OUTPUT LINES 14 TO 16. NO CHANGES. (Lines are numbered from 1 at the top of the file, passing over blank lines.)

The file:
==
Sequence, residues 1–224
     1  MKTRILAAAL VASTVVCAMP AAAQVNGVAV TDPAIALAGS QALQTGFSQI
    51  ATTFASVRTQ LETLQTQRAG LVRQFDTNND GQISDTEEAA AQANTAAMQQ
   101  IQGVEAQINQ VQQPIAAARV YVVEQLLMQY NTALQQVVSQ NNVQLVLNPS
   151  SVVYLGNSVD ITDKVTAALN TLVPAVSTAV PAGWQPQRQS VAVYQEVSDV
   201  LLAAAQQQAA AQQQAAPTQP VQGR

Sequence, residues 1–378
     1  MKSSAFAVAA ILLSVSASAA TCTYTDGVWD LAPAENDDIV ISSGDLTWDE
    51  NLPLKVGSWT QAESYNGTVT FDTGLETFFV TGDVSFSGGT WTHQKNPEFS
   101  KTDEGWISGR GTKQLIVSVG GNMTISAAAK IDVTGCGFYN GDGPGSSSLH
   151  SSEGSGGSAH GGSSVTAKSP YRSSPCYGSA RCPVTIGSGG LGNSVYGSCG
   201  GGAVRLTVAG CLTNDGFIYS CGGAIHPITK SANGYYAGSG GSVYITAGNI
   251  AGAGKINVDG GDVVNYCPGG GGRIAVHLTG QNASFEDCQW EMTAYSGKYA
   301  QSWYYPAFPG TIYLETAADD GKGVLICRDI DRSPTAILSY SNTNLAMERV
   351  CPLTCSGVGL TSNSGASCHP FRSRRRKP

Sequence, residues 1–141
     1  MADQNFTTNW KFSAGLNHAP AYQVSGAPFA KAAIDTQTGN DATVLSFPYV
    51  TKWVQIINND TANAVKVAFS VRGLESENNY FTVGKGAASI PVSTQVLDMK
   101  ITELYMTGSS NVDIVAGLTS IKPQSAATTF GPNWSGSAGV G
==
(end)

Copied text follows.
   301  QSWYYPAFPG TIYLETAADD GKGVLICRDI DRSPTAILSY SNTNLAMERV
   351  CPLTCSGVGL TSNSGASCHP FRSRRRKP

Sequence, residues 1–141